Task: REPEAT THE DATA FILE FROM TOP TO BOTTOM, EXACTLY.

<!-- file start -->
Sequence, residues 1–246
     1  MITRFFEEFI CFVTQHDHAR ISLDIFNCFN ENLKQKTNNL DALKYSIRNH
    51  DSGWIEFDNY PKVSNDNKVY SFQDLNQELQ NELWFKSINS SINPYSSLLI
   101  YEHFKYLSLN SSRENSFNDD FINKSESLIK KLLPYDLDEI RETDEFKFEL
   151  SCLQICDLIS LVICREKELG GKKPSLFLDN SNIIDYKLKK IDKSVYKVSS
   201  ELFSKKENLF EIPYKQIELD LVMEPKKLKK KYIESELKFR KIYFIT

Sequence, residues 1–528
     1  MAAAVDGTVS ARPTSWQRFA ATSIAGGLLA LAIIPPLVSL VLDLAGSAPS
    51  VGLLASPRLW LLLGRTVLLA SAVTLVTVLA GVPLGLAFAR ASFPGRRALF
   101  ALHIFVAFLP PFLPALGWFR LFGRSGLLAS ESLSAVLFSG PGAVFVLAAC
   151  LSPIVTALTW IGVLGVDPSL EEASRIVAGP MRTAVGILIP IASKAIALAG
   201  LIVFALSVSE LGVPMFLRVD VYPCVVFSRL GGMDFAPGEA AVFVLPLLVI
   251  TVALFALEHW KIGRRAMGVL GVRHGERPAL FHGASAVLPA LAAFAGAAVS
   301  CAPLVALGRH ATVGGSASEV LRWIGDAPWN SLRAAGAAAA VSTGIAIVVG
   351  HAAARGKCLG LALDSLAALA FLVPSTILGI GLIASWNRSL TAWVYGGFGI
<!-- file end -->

Sequence, residues 1–246
     1  MITRFFEEFI CFVTQHDHAR ISLDIFNCFN ENLKQKTNNL DALKYSIRNH
    51  DSGWIEFDNY PKVSNDNKVY SFQDLNQELQ NELWFKSINS SINPYSSLLI
   101  YEHFKYLSLN SSRENSFNDD FINKSESLIK KLLPYDLDEI RETDEFKFEL
   151  SCLQICDLIS LVICREKELG GKKPSLFLDN SNIIDYKLKK IDKSVYKVSS
   201  ELFSKKENLF EIPYKQIELD LVMEPKKLKK KYIESELKFR KIYFIT

Sequence, residues 1–528
     1  MAAAVDGTVS ARPTSWQRFA ATSIAGGLLA LAIIPPLVSL VLDLAGSAPS
    51  VGLLASPRLW LLLGRTVLLA SAVTLVTVLA GVPLGLAFAR ASFPGRRALF
   101  ALHIFVAFLP PFLPALGWFR LFGRSGLLAS ESLSAVLFSG PGAVFVLAAC
   151  LSPIVTALTW IGVLGVDPSL EEASRIVAGP MRTAVGILIP IASKAIALAG
   201  LIVFALSVSE LGVPMFLRVD VYPCVVFSRL GGMDFAPGEA AVFVLPLLVI
   251  TVALFALEHW KIGRRAMGVL GVRHGERPAL FHGASAVLPA LAAFAGAAVS
   301  CAPLVALGRH ATVGGSASEV LRWIGDAPWN SLRAAGAAAA VSTGIAIVVG
   351  HAAARGKCLG LALDSLAALA FLVPSTILGI GLIASWNRSL TAWVYGGFGI